With the established industry of flour milling and multiple transport options of the river, canal, and lake, the fertile grounds of Rochester soon provided a new emerging trade: plant nurseries and seed dispensaries. Fruit trees, hardwoods, evergreens, vegetables, ornamentals, perennials, annuals, and even some exotics were all nurtured and grown for shipment across the country, from multiple nurseries like Brown Brothers Continental Nurseries in the present day Browncroft neighborhood, Crosman Seed company in Upper Monroe (which still exists to this day), and, at one point, the nation's largest nursery and greenhouse grower, Mt. Hope Nursery. German and Irish immigrants George Ellwanger and Patrick Barry combined horticultural forces to create one of the most successful agricultural companies in Rochester.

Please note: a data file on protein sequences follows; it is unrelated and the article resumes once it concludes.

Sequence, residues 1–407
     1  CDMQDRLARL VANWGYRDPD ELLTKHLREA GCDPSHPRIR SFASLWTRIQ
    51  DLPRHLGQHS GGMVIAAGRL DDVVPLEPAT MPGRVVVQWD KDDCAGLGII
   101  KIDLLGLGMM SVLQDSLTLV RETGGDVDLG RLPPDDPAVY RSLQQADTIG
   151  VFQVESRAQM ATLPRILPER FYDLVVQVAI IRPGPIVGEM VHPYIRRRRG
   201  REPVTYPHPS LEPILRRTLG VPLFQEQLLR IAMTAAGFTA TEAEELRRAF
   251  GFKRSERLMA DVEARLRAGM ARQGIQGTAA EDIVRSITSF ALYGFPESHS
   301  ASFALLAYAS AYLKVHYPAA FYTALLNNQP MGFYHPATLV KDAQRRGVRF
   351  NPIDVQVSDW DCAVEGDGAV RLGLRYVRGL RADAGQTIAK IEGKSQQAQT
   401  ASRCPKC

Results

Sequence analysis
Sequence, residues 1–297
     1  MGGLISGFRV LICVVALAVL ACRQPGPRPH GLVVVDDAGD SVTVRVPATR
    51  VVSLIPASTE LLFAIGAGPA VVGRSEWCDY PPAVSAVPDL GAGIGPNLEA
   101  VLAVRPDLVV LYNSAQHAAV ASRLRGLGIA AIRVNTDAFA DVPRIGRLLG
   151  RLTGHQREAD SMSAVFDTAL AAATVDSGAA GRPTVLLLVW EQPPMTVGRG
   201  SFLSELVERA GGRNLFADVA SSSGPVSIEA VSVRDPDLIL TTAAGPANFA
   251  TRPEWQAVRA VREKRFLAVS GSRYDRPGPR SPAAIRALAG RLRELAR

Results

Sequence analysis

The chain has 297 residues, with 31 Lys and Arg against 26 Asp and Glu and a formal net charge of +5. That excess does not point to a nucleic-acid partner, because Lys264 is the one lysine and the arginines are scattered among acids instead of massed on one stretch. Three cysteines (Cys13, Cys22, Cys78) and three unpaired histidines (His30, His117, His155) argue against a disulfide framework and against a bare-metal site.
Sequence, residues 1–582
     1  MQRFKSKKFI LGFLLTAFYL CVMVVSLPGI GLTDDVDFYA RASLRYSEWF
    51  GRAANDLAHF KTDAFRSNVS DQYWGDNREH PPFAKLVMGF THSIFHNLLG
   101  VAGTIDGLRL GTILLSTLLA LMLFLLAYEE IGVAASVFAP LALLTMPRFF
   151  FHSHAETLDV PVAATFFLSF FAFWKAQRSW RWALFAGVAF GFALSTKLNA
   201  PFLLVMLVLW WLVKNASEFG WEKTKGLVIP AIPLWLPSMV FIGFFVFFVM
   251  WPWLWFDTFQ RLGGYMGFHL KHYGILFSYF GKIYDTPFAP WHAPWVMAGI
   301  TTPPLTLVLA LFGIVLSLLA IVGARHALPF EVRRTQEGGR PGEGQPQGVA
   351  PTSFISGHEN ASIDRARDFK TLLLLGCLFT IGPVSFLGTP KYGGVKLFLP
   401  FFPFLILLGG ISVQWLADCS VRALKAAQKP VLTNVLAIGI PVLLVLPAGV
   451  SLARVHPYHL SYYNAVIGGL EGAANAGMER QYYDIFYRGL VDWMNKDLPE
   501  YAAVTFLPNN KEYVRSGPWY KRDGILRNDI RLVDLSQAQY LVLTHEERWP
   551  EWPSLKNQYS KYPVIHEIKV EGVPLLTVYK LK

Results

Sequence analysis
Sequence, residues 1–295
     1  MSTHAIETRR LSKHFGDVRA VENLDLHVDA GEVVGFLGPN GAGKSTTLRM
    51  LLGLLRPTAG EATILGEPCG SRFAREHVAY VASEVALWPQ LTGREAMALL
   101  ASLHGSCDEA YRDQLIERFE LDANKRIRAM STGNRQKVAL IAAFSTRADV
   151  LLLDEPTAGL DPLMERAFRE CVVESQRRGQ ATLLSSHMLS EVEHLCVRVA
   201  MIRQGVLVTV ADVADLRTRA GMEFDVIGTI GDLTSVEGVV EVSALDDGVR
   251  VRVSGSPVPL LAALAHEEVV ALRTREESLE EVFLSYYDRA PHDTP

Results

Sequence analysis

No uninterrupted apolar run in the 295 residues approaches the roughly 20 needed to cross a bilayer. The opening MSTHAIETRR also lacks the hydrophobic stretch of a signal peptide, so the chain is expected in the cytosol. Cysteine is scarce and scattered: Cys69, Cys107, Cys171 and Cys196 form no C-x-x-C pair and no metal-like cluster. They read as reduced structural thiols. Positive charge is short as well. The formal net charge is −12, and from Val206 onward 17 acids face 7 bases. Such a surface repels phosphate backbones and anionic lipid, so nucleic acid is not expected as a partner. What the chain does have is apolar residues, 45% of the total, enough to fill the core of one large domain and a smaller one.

A present day time-capsule of our floral history, the Lamberton Conservatory highlights plant life from multiple climates, and is part of a larger green space known as Highland Park. The grounds of the park were donated by Ellwanger and Barry, curated and designed by Frank Law Olmstead, and provide a welcome respite from urban life. The park hosts numerous regional events, the largest being the historic Lilac Festival, which showcases one of our more colorful city residents.
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